"During that inspection, mission managers noted one area of damage on the forward part of the spacecraft where the wing blends into the fuselage. Initially it appears to be very minor and of no concern for the mission, however the standard expert analysis is underway."
"The STS-125 crew will begin its sleep period at 8:01 p.m. and awaken at 4:01 a.m. Wednesday. The next shuttle status report will be issued after that wake up call or earlier if events warrant."
Editor's Update: Mission control has informed the crew that there will be no need for a focused inspection of the affected small damaged area. The crew was happy to hear the news.
This is like dodging bullets! Retirement of this aging system is clearly in the national interest-before another accident calls into question the entire viability of NASA's human spaceflight program. If there was another Shuttle disaster in these handful of remaining flights, how would America react? How would Obama react? Let's hope we never have to find out.
Frank's add: Sorry readers but I stand behind my comment. While it is true the foam problem has been significantly reduced, it hasn't been eliminated-and with the Shuttle you are always one serious debris strike from a serious if not fatal turn of events. It was the CAIB that suggested that flying the Shuttle poses risks that cannot be quantified-there are increasing problems that make themselves know only during flight, problems not previously anticipated. There will NEVER be enough funding to fly the Shuttle through the gap until Orion is ready-that's a political fact of life, no matter the huffing and puffing of politicians, who are unable to add more funds to the NASA top line for anything more than one more Shuttle flight.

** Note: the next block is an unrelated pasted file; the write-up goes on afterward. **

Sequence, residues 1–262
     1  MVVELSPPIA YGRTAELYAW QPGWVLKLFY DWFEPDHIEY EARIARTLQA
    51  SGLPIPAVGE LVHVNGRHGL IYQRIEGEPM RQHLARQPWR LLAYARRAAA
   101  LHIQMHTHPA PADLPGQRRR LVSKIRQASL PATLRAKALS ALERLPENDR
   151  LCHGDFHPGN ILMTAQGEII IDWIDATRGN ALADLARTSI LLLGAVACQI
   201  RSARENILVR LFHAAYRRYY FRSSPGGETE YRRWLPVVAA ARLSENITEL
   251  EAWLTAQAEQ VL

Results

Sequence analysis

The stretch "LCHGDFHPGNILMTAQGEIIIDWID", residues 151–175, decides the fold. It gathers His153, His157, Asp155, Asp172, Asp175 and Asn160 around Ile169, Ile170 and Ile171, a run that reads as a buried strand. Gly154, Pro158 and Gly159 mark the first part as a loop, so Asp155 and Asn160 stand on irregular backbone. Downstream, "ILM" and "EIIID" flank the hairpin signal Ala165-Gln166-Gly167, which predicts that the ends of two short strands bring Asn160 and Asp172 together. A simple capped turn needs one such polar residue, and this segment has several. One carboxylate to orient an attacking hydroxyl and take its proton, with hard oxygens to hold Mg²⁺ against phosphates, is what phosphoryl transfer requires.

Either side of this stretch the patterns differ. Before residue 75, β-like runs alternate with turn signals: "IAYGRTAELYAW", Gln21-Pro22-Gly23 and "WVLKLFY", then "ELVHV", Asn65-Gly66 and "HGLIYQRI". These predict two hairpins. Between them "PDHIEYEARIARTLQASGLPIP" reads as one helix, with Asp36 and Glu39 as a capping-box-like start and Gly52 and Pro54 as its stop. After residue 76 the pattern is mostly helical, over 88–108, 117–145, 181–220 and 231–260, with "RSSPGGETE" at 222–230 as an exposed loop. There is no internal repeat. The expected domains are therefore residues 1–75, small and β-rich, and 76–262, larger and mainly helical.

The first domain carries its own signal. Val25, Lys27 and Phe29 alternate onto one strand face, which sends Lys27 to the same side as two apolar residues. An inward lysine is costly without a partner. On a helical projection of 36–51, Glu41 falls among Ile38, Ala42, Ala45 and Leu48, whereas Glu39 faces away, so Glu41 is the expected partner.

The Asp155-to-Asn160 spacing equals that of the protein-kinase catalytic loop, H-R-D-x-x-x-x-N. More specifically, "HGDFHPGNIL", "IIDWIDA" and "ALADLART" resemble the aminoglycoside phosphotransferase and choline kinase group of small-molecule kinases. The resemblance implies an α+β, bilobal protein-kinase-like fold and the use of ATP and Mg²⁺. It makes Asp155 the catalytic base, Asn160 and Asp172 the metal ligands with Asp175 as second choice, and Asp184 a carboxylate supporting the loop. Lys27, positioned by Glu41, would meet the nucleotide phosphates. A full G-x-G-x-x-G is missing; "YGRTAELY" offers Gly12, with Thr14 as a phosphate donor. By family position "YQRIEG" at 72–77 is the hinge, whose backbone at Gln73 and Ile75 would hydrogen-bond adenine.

it is a system that has served the nation well-and time for it to be retired with grace and honor.